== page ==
Future Car Power

It’s very difficult to discern exactly what the future holds for the power source for cars.

The way things are currently heading, it seems most likely that hybrid cars will dominate the foreseeable future – with the battery technology improving continually as the electrical component gradually takes over more of the power source from the petrol or diesel.

But this is by no means certain. There are many other competing technologies that could yet gain the upper hand.

All-electric cars remain slightly problematic due to their still relatively limited ranges – though this is improving continually as is the length of time needed to fully recharge the batteries. Nevertheless, it seems likely that the hybrid versions will dominate for the time being – judging by the concept cars being introduced around the globe by the world’s major manufacturers.

The technology which has still to make a really major impact – but still could – is hydrogen fuel cell technology. This is a type of hydrogen-fuelled vehicle which uses a fuel cell to produce electricity, using hydrogen and oxygen from the air and powering its on-board electric motor.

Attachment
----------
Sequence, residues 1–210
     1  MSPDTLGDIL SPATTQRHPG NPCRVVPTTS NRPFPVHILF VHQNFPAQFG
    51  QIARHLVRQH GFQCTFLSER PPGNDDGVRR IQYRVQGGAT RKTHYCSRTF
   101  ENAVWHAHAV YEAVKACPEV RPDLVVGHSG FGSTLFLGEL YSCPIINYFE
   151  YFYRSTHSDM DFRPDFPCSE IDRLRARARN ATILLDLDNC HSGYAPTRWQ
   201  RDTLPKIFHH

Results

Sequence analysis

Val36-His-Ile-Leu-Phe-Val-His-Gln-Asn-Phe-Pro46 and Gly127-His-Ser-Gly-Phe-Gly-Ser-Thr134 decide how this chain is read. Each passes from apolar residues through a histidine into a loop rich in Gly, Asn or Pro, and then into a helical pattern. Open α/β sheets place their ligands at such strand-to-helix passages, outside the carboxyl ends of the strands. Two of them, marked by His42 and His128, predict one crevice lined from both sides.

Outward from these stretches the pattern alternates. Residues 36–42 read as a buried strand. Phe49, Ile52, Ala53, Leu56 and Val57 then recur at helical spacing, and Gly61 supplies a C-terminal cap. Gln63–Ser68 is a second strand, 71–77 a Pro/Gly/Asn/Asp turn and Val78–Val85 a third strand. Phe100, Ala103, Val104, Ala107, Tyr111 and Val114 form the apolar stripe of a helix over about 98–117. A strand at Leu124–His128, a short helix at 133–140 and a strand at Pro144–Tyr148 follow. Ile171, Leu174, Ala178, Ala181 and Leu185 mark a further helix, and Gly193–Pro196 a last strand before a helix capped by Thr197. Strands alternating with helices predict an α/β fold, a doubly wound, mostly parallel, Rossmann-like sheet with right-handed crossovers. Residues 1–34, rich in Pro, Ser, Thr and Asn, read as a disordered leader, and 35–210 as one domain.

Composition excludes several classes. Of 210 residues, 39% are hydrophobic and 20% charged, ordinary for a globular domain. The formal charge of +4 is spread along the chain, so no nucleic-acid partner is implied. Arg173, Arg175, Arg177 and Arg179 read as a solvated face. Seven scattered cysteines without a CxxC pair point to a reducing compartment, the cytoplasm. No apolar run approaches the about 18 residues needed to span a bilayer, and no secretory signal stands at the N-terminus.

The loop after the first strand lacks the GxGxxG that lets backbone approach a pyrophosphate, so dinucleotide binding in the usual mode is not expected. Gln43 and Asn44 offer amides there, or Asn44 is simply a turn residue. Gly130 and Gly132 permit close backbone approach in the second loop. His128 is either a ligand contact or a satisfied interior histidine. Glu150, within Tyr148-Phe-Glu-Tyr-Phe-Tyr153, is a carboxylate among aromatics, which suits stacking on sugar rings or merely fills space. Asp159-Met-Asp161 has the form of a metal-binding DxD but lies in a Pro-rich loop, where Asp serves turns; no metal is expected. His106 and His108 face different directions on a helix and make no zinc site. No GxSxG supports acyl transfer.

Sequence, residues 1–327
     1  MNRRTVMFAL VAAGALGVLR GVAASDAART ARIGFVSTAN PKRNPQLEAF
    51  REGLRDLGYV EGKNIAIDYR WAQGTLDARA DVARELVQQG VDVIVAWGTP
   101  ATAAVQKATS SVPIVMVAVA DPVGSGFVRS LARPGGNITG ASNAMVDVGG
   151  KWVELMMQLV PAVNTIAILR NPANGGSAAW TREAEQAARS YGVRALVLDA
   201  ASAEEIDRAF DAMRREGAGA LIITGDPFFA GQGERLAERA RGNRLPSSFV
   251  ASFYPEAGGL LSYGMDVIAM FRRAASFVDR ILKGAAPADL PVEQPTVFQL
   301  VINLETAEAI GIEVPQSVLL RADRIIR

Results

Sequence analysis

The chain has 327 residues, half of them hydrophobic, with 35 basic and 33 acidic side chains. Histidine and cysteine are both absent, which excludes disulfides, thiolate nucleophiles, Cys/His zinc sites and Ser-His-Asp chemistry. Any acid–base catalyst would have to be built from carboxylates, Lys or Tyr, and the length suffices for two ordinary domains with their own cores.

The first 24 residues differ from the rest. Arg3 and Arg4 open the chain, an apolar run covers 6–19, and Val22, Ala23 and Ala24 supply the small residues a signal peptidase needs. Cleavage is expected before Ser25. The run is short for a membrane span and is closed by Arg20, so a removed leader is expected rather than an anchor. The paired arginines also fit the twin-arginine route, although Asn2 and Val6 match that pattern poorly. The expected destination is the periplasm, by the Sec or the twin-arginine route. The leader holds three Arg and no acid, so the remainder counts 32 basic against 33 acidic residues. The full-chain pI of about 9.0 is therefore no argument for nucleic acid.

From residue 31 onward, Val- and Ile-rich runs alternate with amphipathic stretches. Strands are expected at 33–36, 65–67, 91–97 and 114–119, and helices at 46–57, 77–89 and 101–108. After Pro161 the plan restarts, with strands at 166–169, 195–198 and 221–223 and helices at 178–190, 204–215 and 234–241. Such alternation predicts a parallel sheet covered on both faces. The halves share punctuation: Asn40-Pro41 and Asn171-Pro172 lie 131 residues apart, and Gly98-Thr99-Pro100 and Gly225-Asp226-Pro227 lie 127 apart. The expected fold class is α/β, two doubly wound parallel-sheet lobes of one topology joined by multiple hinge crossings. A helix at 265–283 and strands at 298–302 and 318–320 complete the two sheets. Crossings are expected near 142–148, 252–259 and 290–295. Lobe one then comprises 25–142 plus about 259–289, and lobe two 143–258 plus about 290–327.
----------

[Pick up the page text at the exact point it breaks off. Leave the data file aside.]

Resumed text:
A hydrogen fuel cell works in the same way as a battery, producing electricity capable of running an electric motor. But instead of the need for recharging, the fuel cell can be refilled with hydrogen.

This technology has been around for a while, but is still in its infancy in terms of actual application.

Four years ago, Honda became the first car company to manufacture a hydrogen production car, making 200 Honda FCX Clarity saloon car models, which would be leased to customers. This, in turn, was based on the company’s FCX concept car, of which 34 were made.

The dearth of hydrogen fuelling stations for hydrogen vehicles is the main obstacle to their mass uptake, but this could change if the technology can achieve a critical mass. But there are problems with weight of fuel tanks and critics claim that this is not really a zero emission fuel as hydrogen is produced through the burning of fossil fuels.

Who really knows where the cards will fall here – but at least we’re moving in the right green direction overall.


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